Grommets are very small tube-like devices usually made from Teflon, that are surgically inserted into the eardrum allowing for the drainage of fluid or pus from the middle ear.
Why Do Some People Need Grommets?
Normally occurring in small children, though occasionally adults, recurrent middle ear infections, otherwise known as ‘glue ear’ can cause partial hearing loss and repeated discomfort for the sufferer. When suffering from an infection, infectious materials can build-up behind the eardrum causing pain, temperature, feelings of pressure and hearing loss.
For some children, these infections return over and over again causing prolonged discomfort, lots of time off school and can inhibit their daily living. If infections continue to recur, your GP may refer you to a specialist to discuss the option of having grommets inserted. These tubes are placed, under general anaesthetic, into the eardrum. Any infectious materials can then drain away from the ear and leave the ear drum patent, preventing further infections from developing.
Results are normally immediate, though many children are surprised at how loud everything is as they are used to hearing muffled sounds and this may take a short period of adjustment to get used to.
Complications Of Having Grommets
Any risk factors surrounding the use of grommets are extremely low, though they should all be thoroughly discussed with your surgeon before consent to the operation is given.Occasionally the grommets will fall out before they have had a chance to take full effect, in which case a new set may need re-inserting requiring further surgery.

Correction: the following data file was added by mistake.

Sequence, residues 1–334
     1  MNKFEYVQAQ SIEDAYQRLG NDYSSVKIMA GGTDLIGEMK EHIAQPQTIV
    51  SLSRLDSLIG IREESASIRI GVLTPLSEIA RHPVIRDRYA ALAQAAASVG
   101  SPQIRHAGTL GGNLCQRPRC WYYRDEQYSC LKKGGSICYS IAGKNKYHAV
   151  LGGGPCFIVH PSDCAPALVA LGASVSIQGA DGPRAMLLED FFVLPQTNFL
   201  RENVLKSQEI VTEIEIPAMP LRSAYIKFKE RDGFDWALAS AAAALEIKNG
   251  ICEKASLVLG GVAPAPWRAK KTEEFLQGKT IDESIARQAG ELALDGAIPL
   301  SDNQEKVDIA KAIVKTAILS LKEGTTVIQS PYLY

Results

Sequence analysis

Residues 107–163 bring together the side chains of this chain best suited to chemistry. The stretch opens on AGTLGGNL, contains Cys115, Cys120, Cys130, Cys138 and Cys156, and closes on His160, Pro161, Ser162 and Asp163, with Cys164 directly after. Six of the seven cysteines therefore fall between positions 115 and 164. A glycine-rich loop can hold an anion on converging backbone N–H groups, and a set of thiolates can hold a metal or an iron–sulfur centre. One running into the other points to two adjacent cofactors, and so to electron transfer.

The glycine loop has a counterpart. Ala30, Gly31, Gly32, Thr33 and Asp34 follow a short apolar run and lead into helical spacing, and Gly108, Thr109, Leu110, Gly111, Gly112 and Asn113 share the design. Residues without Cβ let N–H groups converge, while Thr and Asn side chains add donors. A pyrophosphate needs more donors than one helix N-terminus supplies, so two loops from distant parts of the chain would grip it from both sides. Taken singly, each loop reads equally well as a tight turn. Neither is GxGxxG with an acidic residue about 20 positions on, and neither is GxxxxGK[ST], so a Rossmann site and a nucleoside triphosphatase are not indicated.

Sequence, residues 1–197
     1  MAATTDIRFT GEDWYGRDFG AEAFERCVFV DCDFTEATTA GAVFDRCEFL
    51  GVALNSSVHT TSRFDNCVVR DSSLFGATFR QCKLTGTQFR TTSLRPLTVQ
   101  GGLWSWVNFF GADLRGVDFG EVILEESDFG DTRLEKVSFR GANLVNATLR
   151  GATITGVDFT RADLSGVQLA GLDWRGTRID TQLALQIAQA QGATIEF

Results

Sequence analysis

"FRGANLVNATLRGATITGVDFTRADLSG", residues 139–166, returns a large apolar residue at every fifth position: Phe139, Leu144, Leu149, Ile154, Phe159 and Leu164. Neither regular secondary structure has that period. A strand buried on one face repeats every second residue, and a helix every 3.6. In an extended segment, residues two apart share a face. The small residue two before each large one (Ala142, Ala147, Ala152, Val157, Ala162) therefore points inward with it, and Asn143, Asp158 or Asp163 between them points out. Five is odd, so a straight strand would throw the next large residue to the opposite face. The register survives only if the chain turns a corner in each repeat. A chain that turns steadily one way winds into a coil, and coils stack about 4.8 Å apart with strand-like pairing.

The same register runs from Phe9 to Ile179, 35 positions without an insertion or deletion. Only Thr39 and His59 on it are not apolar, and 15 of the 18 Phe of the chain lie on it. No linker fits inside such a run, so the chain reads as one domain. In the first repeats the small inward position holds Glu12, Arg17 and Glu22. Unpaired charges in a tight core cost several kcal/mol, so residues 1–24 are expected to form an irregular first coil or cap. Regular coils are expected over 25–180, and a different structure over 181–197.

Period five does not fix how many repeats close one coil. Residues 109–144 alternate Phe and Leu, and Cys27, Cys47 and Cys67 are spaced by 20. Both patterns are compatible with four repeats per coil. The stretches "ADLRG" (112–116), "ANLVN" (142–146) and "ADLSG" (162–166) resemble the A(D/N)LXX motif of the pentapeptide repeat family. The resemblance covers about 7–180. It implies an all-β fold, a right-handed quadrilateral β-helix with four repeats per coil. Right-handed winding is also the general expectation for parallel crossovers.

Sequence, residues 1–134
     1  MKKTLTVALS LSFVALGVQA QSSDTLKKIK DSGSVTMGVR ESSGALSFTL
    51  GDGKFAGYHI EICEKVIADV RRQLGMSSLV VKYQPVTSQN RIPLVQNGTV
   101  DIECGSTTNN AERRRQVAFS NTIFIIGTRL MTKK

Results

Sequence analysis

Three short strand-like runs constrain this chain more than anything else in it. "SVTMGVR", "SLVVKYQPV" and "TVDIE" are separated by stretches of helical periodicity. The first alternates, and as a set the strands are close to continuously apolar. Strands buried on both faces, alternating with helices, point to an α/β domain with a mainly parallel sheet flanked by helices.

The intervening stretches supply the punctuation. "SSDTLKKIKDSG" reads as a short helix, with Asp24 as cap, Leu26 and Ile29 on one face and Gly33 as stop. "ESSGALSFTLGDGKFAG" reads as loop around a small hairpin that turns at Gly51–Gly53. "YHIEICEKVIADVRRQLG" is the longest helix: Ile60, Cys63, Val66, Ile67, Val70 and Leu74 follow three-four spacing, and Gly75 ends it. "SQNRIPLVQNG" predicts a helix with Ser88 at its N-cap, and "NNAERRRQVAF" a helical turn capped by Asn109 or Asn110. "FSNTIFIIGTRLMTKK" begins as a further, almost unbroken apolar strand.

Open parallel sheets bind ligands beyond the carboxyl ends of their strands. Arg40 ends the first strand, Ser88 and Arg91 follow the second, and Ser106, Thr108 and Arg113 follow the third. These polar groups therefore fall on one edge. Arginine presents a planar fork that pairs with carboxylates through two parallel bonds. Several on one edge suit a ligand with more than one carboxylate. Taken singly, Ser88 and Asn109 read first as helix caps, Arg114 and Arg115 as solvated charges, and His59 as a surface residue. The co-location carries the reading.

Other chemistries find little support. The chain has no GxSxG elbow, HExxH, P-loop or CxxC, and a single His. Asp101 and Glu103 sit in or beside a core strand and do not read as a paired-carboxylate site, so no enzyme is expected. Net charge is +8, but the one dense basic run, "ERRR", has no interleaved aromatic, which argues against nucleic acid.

As with all surgeries, there are anaesthetic risks and any other medical issues or allergies must be disclosed before the surgery takes place.Sometimes, though very rarely, the infection persists indicating that there may be another reason as to why your child continues to get infections.After surgery, there is a small chance of scarring or damage to the eardrum, though this is usually harmless.
Caring For Your Grommets
Although they cannot be seen, there are a few guidelines to remember about looking after your grommets in order to ensure the surgery will be a success.Swimming is normally fine to do so long as submersion under the water is avoided. Diving is not recommended and other children should be made aware of the situation to avoid ‘ducking’ the child under when playing. It may be advisable to speak to your surgeon regarding the use of earplugs if swimming is to be considered.Try and avoid water entering the ears when showering, bathing or washing, and ensure that the external ear is dried thoroughly after these activities.
Flying is usually not a problem, and in fact suffering from ‘popping’ ears is unlikely as the air pressures can remain equal more easily than without the grommets.
Grommets will normally fall out by themselves, anything from 6 months to 2 years after surgery. They are very small and may not even be noticed when they are ejected. Hopefully, by this time any infections will have disappeared and subsequent infections are unlikely.
Overall, grommets are a safe and successful method of treating recurrent ear infections and once the surgery has been completed, cause no long-term effects or discomfort for the sufferer.
@Ella - I'm afraid we can't give direct medical advice. The best option you have is to visit your GP and hope he/she will be able to help with your condition.
EarHelp - 31-Jul-15 @ 10:43 AM